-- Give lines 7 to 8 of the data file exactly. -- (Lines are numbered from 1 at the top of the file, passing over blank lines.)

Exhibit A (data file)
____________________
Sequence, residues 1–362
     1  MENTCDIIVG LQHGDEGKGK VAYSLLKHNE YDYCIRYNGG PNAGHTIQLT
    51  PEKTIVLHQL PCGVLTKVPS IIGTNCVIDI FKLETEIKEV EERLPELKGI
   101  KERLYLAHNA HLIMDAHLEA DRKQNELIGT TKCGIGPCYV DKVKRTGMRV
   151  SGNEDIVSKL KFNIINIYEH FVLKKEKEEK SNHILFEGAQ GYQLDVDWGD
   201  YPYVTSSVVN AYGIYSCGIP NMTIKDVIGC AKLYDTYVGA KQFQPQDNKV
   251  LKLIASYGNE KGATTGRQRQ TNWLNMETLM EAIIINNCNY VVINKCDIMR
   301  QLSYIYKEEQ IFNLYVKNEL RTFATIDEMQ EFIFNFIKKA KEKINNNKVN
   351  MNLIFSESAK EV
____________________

   251  LKLIASYGNE KGATTGRQRQ TNWLNMETLM EAIIINNCNY VVINKCDIMR
   301  QLSYIYKEEQ IFNLYVKNEL RTFATIDEMQ EFIFNFIKKA KEKINNNKVN